Origin of the Specious
Darwinism is on the way out. At least, that's what Irving Kristol announced to a gathering at the American Enterprise Institute in Washington not long ago. Darwinian evolution, according to the godfather of neoconservatism, "is really no longer accepted so easily by [many] biologists and scientists." Why? Because, Kristol explained, scientifically minded Darwin doubters are once again focusing on "the old-fashioned argument from design." That is to say, life in all its apparently ordered complexity cannot be understood in terms of chance mutation and the competition for survival. There must, after all, be a designer. So, exit Darwin; enter--or re-enter--God.
This may seem to some readers to be a personal quirk of Kristol's. Perhaps as he approaches Eternity (he's 77), he may want some grand company there. But Kristol's friend and colleague Robert Bork is claiming the same thing: Charles Darwin and his theories are finished. In his new work, Slouching Towards Gomorrah: Modern Liberalism and American Decline, Bork pins his own anti-evolutionary attack on Darwin's Black Box: The Biochemical Challenge to Evolution, a recent book by biochemist Michael Behe. Bork declares that Behe "has shown that Darwinism cannot explain life as we know it." He adds approvingly that the book "may be read as the modern, scientific version of the argument from design to the existence of a designer." Bork triumphantly concludes: "Religion will no longer have to fight scientific atheism with unsupported faith. The presumption has shifted, and naturalist atheism and secular humanism are on the defensive."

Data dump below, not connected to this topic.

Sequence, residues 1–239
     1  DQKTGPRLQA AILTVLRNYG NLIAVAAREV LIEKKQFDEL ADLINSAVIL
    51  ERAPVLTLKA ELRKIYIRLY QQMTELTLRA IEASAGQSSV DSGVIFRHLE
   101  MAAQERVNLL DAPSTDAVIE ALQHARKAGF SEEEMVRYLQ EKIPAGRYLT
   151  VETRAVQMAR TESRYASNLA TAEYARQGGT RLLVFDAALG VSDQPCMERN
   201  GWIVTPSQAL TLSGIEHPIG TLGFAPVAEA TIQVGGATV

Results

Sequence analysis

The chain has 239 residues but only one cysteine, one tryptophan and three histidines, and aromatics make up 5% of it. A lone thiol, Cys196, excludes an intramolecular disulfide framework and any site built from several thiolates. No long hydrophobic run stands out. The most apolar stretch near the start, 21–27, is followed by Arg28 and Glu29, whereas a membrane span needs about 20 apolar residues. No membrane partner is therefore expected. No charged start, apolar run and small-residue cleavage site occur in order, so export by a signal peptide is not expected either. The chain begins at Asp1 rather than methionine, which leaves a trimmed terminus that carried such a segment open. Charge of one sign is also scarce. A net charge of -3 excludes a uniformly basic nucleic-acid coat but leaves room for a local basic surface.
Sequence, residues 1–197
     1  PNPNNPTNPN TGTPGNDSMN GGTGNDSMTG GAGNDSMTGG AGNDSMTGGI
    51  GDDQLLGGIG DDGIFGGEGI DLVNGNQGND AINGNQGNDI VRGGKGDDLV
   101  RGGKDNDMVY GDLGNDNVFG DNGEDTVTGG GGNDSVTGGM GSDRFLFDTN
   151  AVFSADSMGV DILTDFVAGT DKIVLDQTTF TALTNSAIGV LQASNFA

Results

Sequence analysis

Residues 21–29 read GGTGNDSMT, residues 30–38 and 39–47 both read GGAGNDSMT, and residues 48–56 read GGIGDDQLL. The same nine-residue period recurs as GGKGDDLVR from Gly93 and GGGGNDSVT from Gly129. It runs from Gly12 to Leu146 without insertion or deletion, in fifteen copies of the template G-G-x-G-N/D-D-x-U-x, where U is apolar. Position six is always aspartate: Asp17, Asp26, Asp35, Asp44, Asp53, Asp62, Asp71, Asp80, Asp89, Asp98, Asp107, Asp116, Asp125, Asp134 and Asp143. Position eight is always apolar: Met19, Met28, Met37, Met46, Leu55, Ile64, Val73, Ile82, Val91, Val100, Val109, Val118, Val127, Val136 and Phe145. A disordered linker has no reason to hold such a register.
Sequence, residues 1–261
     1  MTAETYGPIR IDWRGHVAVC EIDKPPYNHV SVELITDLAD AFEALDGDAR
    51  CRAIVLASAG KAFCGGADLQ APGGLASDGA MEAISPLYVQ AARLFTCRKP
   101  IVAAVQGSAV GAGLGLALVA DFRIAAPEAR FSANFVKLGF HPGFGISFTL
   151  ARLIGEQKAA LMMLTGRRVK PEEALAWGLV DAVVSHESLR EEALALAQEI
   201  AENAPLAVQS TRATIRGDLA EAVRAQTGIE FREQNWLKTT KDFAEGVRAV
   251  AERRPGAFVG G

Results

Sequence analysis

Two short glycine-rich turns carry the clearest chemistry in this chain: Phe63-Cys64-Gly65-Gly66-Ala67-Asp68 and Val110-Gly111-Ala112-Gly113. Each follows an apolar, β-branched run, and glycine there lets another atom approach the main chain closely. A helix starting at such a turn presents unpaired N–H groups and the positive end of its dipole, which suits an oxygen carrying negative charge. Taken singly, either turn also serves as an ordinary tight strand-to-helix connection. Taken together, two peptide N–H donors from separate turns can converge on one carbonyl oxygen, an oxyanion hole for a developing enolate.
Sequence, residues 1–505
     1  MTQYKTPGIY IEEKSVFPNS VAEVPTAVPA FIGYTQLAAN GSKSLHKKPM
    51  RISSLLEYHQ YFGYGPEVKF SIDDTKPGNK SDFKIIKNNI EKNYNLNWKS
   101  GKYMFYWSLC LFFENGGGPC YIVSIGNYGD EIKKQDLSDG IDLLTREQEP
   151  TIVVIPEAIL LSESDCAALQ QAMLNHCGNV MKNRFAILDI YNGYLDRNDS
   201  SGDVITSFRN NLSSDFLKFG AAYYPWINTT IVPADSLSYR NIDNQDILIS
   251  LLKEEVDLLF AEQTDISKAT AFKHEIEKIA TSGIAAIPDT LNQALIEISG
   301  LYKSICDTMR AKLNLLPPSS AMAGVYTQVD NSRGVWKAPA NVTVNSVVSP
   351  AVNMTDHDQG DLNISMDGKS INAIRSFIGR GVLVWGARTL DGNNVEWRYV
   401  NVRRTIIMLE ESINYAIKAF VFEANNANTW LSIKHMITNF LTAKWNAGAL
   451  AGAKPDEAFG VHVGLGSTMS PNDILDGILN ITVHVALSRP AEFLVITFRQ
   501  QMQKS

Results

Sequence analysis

Are these merely two isolated intellectual voices preaching that old-time design? Hardly. Last summer, the Ethics and Public Policy Center, a think tank devoted to studying the role of religion in public policy, and now headed by neoconservative Elliott Abrams, called together a group of conservative intellectuals, including Kristol, his wife, Gertrude Himmelfarb, and Hoover Institution fellow Tom Bethell, to listen to anti-Darwin presentations by Behe and Michael Denton, author of Evolution: A Theory in Crisis. Himmelfarb has told at least one colleague that she, too, thinks the Behe book "excellent."
There's yet more. The neoconservative journal Commentary, of all periodicals, joined this attack last June with a cover essay, "The Deniable Darwin," written by mathematician David Berlinski.
"An act of intelligence is required to bring even a thimble into being," wrote Berlinski, "why should the artifacts of life be different?" Berlinski warmly endorsed Behe's book, praising it as "an extraordinary piece of work that will come to be regarded as one of the most important books ever written about Darwinian theory. No one can propose to defend Darwin without meeting the challenges set out in this superbly written and compelling book." Commentary Editor Neal Kozodoy says he was "delighted" that his magazine served as a "forum for airing this issue." Berlinski "hit a nerve," according to Kozodoy, not only among the scientists he criticized, but "out there, among general readers, many of whom seem preoccupied with the issues he raised."
What's going on here? Opponents of Darwin traditionally have been led by biblical literalists, whose "arguments" on the subject have been generated mostly by the Book of Genesis. Now their camp includes some of the most prominent thinkers in the conservative intellectual movement.
As a matter of historical curiosity, this new turning of neocon eyes toward heaven comes just as Pope John Paul II has officially recognized that "the theory of evolution is more than an hypothesis." Indeed, it comes as evolutionary thinking itself is shedding considerable light on an array of questions and problems, from brain growth to the development of immune systems, from sociobiology to economics, from ecology to software design. Such research is yielding anti-designer results. F.A. Hayek long ago recognized the phenomenon of "spontaneous order" and described how it arose in markets, families, and other social institutions. Now, ingenious computer models are confirming Hayek's insights. It is increasingly obvious that social systems, from commerce to language, evolve and adapt without the need for top-down planning and organization. Order in markets is generated through processes analogous to Darwinian natural selection in biology. In other words, we can indeed have apparent design without a designer; the world is demonstrably brimming with just such phenomena.